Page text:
The 70 year old Surrey native from the UK has had a very successful post-Floyd career and doesn’t seem to be slowing down either. After the release of his final Pink Floyd album, “Final Cut” in 1983, Waters began his solo career and subsequently recorded four great studio albums, notably 1984’s “The Pros and Cons of Hitchhiking” and 1987’s “Radio K.A.O.S.”
In September of 2010, Roger Waters embarked on his now infamous “The Wall” tour which toured the globe until September of 2013. The tour covered six legs, had 219 shows and earned more then $460 million in profits making it the most successful tour ever for a solo musician and will soon be immortalised in a documentary that covers the three year tour and aims to convey the “exhilaratingly visceral experience” of the live show, as creative director Sean Evans puts it.
Pink Floyd recorded “The Wall” in 1980 and the live “interaction” of the band with the audience is what made the live performances so memorable and entertaining, while at the same time musically providing quite a bit of thought-provoking imagery and questioning of the themes of war and politics and love and alienation. The actual concept of the tour, back then and in 2010 when Waters did it, is to build a wall, literally, on stage during the show, dividing the band and the audience and to then have it crumble down at the end.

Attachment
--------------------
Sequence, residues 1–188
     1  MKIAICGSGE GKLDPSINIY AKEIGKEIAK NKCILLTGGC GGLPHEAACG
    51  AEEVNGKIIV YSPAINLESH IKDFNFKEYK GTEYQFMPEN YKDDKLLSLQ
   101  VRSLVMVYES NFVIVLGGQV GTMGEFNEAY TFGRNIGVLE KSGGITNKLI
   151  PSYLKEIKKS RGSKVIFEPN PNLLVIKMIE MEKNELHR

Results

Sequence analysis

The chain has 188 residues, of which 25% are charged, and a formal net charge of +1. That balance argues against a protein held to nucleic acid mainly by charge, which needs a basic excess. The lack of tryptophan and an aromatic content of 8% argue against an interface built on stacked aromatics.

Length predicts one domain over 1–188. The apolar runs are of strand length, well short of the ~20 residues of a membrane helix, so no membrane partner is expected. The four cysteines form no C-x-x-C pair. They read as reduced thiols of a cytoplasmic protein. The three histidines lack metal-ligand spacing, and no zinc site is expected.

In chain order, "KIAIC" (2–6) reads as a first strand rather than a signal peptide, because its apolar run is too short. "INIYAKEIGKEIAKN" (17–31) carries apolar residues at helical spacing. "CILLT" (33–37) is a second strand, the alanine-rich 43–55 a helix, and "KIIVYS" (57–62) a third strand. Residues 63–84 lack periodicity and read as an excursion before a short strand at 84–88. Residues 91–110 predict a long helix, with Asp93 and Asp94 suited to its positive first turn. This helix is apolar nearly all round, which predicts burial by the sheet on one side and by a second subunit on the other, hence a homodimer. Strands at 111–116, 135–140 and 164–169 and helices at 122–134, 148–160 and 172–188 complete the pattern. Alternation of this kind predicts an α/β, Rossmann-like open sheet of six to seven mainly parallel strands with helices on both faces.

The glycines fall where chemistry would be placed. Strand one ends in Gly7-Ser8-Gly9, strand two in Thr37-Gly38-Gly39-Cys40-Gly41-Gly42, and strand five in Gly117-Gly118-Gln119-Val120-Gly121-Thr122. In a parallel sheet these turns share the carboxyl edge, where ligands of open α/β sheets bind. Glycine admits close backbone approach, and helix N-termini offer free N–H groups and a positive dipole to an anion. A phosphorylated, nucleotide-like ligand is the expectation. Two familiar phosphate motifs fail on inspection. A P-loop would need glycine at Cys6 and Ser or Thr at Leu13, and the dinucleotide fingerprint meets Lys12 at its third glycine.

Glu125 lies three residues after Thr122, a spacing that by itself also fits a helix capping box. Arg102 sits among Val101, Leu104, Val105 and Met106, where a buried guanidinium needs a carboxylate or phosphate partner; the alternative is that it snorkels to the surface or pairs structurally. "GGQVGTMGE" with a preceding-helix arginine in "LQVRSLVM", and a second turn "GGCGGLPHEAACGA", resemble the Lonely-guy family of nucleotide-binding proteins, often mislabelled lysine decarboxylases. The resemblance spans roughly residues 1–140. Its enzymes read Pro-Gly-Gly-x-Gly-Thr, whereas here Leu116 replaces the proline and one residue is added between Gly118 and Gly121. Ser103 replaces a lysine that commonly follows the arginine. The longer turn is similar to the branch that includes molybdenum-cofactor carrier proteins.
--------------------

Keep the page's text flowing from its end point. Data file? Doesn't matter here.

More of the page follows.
This concept is captured in the film as well and aims (hopefully) to give the viewer an insight into how such a massive tour is organised (both musically and logistically). The Toronto International Film Festival (TIFF) CEO, Piers Handling, said “Ever since The Wall was released, it has become one of the classic rock albums of our time…Its popularity continues and its message is still timely.”
In addition to the original Pink Floyd tour of “The Wall”, a musical film (released in 1982 starring the band’s friend Bob Geldoff), a live rendition called “Is There Anybody Out There” (2000) and even talk of a Broadway musical, this documentary will give fans a glimpse into the abyss that is a live (dare I call it “prog”) rock & roll and how an album that is over 30 years old can still be so damn good and have such great songs and a concept that is still able to stand the test of time. We can wait and hope that Waters’ documentary film-vision is as entertaining and enthralling as his music-vision.